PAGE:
News Roundup Thursday 16th May 2019
News Roundup Thursday 16th May 2019
Co-op chief backs Lewis on rates
Co-op CEO Steve Murrells has backed the recommendation from Tesco chief Dave Lewis that online retailers be charged a 2% sales levy to help pay for a reduction in business rates for high street stores. Separately, Robert Hayton, head of UK business rates at the property consultant Altus Group, said: “There is now an overriding consensus that the tax playing field must be levelled. The proposal ensures additional revenue is ring-fenced for the good of the entire sector.”
Daily Mail, Page: 61
Tourist tax must be put to bed
The Scottish tourism and hospitality sector is opposed to a proposed Transient Visitor Levy and points out that the sector’s existing tax contributions and the fact that the UK VAT rate applied to accommodation is among the highest in the EU.
The Press and Journal, Page: 8
Richer Sounds hands controlling stake to staff
More than 500 staff at Richer Sounds are in line for a £3.5m windfall after the retail chain’s boss handed them a 60% stake in the business. Julian Richer, who founded the business in 1978 when he was 19, said the “time was right” to give employees the stake as he had turned 60. The shares will be placed in an Employee Ownership Trust. Each of 522 employees across 53 stores will pick up £1,000 for every year at the firm, giving an average pay-out of £8,000. Mr Richer will receive £9.2m for the stake, although £3.5m will be used to make the cash payments to staff. Mark Fielden from Kingston Smith said: “The transfer of shares into an employee ownership trust means that, provided the conditions are met, any sums realised will be free of capital gains tax. Employees may also receive bonuses of up to £3,600 per tax year free from income tax.”
Standard Life Aberdeen suffers heavy revolt over CFO pay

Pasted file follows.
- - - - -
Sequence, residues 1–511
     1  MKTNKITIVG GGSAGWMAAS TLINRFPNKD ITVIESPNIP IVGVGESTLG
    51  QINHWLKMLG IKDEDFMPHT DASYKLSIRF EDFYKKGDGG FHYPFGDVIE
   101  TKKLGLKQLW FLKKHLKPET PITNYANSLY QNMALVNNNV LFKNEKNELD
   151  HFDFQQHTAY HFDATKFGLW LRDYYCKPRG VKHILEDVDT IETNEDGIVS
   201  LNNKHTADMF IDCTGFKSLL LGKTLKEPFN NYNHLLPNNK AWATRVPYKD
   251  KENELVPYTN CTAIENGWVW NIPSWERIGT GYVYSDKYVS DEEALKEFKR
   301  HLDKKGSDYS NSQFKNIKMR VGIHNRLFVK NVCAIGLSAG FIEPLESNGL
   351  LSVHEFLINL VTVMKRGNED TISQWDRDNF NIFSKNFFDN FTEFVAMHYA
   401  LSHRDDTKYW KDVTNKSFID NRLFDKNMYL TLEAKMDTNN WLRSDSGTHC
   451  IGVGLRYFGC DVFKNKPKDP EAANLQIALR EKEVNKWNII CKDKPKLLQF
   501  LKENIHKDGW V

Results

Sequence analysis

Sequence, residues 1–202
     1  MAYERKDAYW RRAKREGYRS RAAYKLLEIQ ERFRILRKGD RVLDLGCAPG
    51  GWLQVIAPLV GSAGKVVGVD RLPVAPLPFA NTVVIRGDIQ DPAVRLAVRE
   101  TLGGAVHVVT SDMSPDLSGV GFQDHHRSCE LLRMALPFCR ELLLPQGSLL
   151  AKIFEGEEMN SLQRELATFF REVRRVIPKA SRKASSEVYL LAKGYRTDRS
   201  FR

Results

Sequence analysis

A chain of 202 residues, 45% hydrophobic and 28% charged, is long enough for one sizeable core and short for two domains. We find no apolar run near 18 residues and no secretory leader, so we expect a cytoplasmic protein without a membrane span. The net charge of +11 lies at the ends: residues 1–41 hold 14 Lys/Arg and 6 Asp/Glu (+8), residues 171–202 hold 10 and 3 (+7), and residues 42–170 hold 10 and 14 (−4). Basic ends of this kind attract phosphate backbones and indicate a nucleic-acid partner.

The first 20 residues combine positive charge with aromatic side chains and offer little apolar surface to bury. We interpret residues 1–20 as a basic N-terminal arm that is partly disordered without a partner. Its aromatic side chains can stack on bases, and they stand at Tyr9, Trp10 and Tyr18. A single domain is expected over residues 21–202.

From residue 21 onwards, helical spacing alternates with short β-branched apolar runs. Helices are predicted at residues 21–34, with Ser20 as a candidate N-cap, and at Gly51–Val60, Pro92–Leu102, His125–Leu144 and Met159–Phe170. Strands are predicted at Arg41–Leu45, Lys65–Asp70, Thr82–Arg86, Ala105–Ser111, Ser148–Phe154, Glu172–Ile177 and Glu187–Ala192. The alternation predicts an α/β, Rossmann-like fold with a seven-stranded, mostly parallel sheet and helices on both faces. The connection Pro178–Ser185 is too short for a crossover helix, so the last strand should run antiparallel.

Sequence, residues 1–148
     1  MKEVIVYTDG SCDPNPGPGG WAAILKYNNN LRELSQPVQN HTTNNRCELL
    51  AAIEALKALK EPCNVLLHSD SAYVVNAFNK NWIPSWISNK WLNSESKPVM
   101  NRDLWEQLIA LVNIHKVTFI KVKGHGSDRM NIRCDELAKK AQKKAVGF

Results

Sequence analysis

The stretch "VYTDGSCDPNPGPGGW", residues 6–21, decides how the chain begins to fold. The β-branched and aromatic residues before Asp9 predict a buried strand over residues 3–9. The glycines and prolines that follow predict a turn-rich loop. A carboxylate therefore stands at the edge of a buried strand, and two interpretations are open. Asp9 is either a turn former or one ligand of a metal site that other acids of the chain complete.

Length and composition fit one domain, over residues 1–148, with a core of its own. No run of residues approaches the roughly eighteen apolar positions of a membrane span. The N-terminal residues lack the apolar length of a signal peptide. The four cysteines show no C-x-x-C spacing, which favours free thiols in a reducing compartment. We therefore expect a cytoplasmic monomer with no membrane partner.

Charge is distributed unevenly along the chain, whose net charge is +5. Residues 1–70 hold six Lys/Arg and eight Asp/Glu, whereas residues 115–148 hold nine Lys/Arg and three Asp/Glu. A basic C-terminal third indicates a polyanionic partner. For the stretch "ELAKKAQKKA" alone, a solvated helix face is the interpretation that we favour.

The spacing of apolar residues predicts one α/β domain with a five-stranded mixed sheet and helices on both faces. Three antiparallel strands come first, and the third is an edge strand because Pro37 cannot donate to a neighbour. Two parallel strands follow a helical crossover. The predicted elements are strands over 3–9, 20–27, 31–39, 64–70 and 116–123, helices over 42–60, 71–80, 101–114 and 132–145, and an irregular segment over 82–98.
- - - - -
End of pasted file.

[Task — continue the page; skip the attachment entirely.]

Investors in Standard Life are irked by a £750,000 golden hello for incoming CFO Stephanie Bruce, who joins from PwC next month. Forty-two per cent of SLA investors voted against the fund house’s remuneration report. Ms Bruce will be paid a salary of £525,000, a 16.7% increase on predecessor Bill Rattray, as well as the package of company shares worth £750,000.
Soren Aandahl: It’s down to short-sellers to hold management to account
Short-selling activist Soren Aandahl, founder of Blue Orca Capital, is turning his attention to the UK declaring that every market has a small subset of companies that are either “flattering their accounts or engaging in outright fraud.” He told the Times that neither investment bankers, stockbrokers or auditors were incentivised to identify problems and that it was now the short sellers’ role to keep management teams accountable.
UK fintech start-ups rake in £4.5bn
A new report by start-up body Tech Nation reveals that Britain is the world’s top fintech hub, with high-growth companies attracting over £4.5bn in investment over three years. London and Cambridge lead the country in attracting high-growth tech investment, with the former receiving £9bn between 2015 and 2018, and the latter £583m. Eileen Burbidge, chair of Tech Nation, remarked: “The UK has an incredibly pivotal role in the global tech scene. Nowhere is this more evident than in the Fintech sector where the UK is ranked number one in the world, an enviable position that has been established with decades of hard work, entrepreneurial talent, innovation and supportive policymakers.”